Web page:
In spite of a fine cast with a story with possibilities, CAIN AND MABEL, which was filmed before in the silent era as THE GREAT WHITE WAY (1923), comes across as weak and contrived, especially in its final half hour. During its 90 minutes, it makes every effort to become a classic backstage story but with nothing new to offer. It tries to make due with amusing situations, but few good one-liners and having the lead players pouring water at one another doesn’t make it a great comedy. Even when going so far as being a tender love story, it almost works thanks to the chemistry of Gable and Davies, but without a well developed script, everything falls flat. While Davies is a fine comedienne when good material allows, Gable, minus his famous mustache this time around, appears uneasy at times, looking as though he’d like to throw in the towel. Roscoe Karns, in a sort of role excelled by Pat O’Brien many times over, seems miscast in this one, turning out his obnoxious character into a truly unlikable one. Maybe Karns and Jenkins should have switched parts here. Although mediocre, it gets by due to its principle players.
Having never been distributed on video cassette, CAIN AND MABEL turns up occasionally on cable’s television’s all-movie channel, Turner Classic Movies. (**)
Despite being a financial and critical disappointment, this film’s production was a great source of publicity for Warner Brothers, particularly when it came to the expansion of Stage 16, so that the musical number “A Thousand Love Songs” could be filmed there. Sheilah Graham, a syndicated entertainment columnist, reported that raising the stage 35 feet in height took four weeks (with 200) workers, and cost $300,000.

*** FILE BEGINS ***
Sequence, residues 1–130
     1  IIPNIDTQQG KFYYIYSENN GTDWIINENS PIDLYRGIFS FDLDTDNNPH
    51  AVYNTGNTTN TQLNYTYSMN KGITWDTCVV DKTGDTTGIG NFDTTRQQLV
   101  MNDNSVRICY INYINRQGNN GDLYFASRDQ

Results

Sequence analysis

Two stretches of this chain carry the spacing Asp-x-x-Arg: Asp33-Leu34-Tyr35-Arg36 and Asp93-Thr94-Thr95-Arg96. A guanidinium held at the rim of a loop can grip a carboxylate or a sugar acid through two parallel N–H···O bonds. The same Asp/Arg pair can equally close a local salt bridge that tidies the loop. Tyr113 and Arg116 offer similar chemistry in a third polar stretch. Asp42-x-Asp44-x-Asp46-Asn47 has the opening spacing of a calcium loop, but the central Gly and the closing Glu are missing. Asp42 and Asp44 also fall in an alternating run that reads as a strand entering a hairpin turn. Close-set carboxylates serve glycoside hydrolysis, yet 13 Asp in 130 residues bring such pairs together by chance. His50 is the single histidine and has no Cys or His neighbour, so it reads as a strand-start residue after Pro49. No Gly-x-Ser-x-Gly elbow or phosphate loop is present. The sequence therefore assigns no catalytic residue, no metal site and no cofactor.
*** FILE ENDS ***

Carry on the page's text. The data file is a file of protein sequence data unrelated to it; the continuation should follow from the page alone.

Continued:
When does the star singer-dancer appear?
Author: SimonJack from United States
29 April 2016
*** This review may contain spoilers ***
This is one of the very few Clark Gable movies that I score below six stars. But I must do so with “Cain and Mabel” because it barely makes it as entertainment. Even then, my five stars are for a few specific points. First, this is an early look at Gable sans mustache, and he is good in a lousy role. Second, the extravagant staged musical production – seemingly inserted from another film, is quit good by itself, and I do find most things about musicals very entertaining. Third, it has a very fine supporting cast who do very well with what they have in their roles. Allen Jenkins is Dodo, Walter Catlett is Jake Sherman, Ruth Donnelly is Aunt Mimi, William Collier Sr. is Pop Walters, and Roscoe Karns is Reilly.